1. Infamy79's Avatar
    Just thinking about this part of the opening build keynote where it showed the Enterprise functionality which deployed and removed apps based on a "contract" with their enterprise systems. Surely they could use this same technology to allow a "carrier contract", most likely linked to the SIM which could automatically deploy or remove the carriers apps, update the splash screen and other required settings.

    By pulling this functionality out of the actual firmware, it would pave the way for removing carriers from the update process as they wouldn't need to do the testing but still allow them some customisation of the handsets.

    Anyone see any problems with this theory, or would the carriers still not go for something like this?
    04-08-2014 03:42 AM
  2. ratsttam's Avatar
    The carriers WANT their hand in the testing, so that they can be "in control". They want to hold back some updates, to make newer phones look more appealing to consumers that are coming up on their renewal dates.
    04-08-2014 06:55 AM
  3. Infamy79's Avatar
    Is that still the case though even with the industry's move away from subsidised & cheaper handsets and lock in contracts?
    04-08-2014 07:36 AM
  4. DavidinCT's Avatar
    The carriers WANT their hand in the testing, so that they can be "in control". They want to hold back some updates, to make newer phones look more appealing to consumers that are coming up on their renewal dates.
    Not just that, there are some carrier based network BUGs, that they fix with firmware updates.... It's not always about Control....Some carriers want to fully test a update before releasing it to the public to save support calls for something they could of addressed before shipping it. There could be some major bugs with a direct from Microsoft GSM based update and going on Verizon's CDMA/LTE network, for example.

    I would love MS to release the software updates (like the Dev program to get 8.1), but, a later update from the carrier to fix other issues or add network based features, is cool with me. Pretty much what is going to happen with 8.1 on the Dev program...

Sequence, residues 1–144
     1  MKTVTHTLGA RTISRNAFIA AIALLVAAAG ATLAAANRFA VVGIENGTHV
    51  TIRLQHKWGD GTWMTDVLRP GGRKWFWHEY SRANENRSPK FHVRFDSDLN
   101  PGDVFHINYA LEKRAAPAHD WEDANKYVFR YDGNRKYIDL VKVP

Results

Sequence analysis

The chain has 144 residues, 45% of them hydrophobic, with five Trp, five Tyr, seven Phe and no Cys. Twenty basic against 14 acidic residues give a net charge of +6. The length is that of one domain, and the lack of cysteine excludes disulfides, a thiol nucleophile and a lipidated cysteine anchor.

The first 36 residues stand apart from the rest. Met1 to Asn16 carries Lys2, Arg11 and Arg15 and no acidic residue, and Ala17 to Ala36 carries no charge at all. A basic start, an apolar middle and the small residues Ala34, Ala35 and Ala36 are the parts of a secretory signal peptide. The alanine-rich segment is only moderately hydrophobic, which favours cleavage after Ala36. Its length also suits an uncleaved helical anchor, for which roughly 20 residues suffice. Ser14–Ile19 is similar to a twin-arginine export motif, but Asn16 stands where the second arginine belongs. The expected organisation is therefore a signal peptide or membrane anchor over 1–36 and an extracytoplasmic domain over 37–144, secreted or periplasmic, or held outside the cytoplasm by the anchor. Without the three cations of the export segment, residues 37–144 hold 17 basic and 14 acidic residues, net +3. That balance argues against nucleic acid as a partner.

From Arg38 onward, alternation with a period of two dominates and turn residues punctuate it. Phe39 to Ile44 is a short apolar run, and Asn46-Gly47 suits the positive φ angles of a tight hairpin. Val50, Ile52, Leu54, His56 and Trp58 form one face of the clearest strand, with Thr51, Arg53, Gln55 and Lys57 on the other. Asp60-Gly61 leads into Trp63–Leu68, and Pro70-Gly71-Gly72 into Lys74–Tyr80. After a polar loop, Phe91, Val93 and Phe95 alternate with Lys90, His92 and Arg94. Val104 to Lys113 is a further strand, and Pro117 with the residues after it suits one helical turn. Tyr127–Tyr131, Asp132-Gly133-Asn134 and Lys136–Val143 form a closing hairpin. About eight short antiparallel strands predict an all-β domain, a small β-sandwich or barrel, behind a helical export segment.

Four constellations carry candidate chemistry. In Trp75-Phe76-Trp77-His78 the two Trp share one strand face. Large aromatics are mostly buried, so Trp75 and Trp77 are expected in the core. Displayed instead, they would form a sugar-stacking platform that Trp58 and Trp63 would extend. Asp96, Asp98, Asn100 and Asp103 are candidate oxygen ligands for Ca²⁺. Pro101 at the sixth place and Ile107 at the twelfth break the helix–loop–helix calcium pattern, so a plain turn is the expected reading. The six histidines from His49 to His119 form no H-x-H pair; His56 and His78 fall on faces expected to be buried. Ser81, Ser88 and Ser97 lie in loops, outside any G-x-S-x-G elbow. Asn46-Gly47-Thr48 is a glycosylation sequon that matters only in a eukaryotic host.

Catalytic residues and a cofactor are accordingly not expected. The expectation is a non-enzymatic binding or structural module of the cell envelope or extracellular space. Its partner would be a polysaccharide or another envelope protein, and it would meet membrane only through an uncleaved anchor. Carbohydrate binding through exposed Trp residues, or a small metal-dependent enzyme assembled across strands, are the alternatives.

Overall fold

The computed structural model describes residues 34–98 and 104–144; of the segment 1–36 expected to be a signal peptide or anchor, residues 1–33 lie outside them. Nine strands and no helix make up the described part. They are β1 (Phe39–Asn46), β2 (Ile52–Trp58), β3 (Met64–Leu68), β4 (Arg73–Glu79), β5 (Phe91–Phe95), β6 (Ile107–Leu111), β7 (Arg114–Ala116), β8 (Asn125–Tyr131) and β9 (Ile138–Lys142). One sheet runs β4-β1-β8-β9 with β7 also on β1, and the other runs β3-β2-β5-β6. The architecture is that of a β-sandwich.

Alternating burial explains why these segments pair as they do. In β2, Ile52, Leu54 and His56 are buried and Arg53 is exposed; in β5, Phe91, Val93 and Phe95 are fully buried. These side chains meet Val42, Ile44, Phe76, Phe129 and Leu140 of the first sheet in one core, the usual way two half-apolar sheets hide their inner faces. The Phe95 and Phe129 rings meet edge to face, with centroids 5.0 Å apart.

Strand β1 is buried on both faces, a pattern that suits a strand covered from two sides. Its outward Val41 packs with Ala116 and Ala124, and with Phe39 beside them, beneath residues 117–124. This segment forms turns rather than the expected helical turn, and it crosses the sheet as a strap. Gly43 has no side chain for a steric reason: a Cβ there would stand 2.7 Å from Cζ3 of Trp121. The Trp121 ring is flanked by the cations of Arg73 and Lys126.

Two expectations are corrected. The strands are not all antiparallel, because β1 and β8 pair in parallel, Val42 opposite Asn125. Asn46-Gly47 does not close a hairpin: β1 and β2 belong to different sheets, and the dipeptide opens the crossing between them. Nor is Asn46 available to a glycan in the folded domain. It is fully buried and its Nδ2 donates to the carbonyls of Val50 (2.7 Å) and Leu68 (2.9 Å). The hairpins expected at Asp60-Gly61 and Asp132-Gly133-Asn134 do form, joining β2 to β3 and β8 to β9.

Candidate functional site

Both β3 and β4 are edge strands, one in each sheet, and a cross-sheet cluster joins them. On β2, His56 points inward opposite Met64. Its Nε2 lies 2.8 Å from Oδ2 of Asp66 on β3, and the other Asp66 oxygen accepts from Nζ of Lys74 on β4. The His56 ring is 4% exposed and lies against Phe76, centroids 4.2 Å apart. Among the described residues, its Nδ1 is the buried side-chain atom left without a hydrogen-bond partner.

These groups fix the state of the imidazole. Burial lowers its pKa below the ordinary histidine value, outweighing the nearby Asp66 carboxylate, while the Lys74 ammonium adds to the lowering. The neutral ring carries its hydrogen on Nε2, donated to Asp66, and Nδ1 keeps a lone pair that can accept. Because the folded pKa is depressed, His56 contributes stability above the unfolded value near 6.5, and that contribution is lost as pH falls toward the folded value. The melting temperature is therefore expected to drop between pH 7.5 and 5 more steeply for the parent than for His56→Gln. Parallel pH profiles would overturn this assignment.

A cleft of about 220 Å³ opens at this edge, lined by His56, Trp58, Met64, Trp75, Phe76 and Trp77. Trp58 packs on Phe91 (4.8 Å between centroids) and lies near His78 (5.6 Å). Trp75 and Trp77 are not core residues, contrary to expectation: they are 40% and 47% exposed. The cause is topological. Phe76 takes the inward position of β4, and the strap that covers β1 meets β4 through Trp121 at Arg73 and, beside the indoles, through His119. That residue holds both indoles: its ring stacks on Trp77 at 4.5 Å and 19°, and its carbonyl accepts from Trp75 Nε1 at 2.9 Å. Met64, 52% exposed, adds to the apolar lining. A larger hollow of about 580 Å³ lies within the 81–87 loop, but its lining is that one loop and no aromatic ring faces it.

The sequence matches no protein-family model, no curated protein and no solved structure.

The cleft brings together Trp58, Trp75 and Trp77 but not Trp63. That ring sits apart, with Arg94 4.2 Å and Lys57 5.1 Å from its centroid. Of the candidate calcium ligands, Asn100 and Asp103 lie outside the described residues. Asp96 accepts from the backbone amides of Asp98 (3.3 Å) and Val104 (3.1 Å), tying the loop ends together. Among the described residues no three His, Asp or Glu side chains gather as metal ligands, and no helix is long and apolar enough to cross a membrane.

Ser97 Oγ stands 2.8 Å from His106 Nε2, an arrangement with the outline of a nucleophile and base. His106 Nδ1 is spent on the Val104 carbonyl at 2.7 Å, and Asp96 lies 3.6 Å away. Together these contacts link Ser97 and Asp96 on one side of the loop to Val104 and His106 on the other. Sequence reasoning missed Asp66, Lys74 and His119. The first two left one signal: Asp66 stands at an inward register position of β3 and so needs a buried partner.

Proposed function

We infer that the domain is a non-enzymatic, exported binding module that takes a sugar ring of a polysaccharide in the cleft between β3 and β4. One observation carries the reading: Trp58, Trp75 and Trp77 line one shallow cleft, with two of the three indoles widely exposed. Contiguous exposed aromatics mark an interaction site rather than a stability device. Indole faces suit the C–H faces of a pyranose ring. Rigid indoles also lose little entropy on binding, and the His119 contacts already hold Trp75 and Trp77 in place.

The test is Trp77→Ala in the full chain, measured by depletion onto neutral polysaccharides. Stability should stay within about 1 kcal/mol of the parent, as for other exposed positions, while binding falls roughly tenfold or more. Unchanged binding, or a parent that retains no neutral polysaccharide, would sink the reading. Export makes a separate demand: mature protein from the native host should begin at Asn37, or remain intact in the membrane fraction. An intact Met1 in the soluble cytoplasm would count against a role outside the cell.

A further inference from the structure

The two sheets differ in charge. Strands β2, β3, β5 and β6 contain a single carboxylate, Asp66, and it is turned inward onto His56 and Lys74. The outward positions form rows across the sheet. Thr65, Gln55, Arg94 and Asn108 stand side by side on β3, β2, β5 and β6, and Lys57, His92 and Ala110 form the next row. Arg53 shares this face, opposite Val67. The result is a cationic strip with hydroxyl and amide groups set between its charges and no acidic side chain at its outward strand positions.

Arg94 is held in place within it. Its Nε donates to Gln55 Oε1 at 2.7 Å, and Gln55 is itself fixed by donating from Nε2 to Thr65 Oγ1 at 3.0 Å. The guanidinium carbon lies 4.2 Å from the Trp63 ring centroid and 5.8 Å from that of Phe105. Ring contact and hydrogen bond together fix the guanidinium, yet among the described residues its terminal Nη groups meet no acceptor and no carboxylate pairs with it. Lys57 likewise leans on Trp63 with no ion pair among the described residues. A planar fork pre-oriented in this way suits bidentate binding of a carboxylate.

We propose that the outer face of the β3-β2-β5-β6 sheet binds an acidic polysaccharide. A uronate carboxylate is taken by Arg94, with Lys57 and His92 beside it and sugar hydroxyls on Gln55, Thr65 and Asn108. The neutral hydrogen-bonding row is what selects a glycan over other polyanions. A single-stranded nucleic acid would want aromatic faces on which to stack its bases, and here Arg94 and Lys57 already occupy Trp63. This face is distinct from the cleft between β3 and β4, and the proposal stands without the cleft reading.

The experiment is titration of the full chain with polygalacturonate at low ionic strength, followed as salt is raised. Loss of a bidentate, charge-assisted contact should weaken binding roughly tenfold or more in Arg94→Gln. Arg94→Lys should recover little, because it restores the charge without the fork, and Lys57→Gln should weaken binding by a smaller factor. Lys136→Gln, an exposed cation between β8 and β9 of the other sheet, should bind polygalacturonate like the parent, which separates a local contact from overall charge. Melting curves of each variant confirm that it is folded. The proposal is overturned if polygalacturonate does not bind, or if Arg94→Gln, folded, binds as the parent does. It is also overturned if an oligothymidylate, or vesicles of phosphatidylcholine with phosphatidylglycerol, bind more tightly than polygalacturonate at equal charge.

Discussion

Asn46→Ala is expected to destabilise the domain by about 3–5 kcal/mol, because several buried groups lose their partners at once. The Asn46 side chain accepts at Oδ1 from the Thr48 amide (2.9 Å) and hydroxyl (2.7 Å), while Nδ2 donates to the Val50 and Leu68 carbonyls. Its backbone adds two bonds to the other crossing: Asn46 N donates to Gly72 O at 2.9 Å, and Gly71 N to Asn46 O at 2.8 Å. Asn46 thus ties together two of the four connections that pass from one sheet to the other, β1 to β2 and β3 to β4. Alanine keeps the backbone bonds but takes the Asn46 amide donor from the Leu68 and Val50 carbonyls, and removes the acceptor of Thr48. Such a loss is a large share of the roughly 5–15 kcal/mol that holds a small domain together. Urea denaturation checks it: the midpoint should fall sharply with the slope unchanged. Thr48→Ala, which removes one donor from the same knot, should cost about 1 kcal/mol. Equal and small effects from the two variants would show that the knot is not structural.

phirefly likes this.
    04-08-2014 07:55 AM
  5. inteller's Avatar
    The carriers WANT their hand in the testing, so that they can be "in control". They want to hold back some updates, to make newer phones look more appealing to consumers that are coming up on their renewal dates.
    the problem with that FAILED business model is that there are no new phones that are more appealing based on hardware alone, let alone 8.1 preinstalled.
    04-08-2014 09:09 AM
  6. ZenBot's Avatar
    What I would like to see is MS sever things like IE and the Store from the OS. The Android approach seems much more update-friendly... I probably get 1-2 Chrome updates a month on my Nexus 5 vs. 2-3 OS updates per/year from MS. And, yeah, of course not every update is a "+", sometimes they create more issues than they resolve.

    So there's that, not to mention the fact that if they didn't have IE, the Store, Mail, Music+Videos, etc.. piggybacked onto the OS, maybe updating the OS wouldn't be the 30 minute, epic, gulp-inducing, sweat-session that it currently is...percentages, spinning-gears, progress-bars, and whatnot...
    04-08-2014 09:19 AM
  7. Infamy79's Avatar
    Not just that, there are some carrier based network BUGs, that they fix with firmware updates.... It's not always about Control....Some carriers want to fully test a update before releasing it to the public to save support calls for something they could of addressed before shipping it. There could be some major bugs with a direct from Microsoft GSM based update and going on Verizon's CDMA/LTE network, for example.

    I would love MS to release the software updates (like the Dev program to get 8.1), but, a later update from the carrier to fix other issues or add network based features, is cool with me. Pretty much what is going to happen with 8.1 on the Dev program...
    But surely Microsoft can separate out the phone and network settings stack from the core firmware so that it can be updated OTA separately from the rest of the OS along with the carriers apps. It would allow the carriers to update their software more frequently as well as Microsoft updating core functionality of the OS itself, it would also save the carriers from having to do so much internal testing. Windows is so modular to adapt to so many platforms that you'd think it could be possible.
    04-08-2014 09:48 AM

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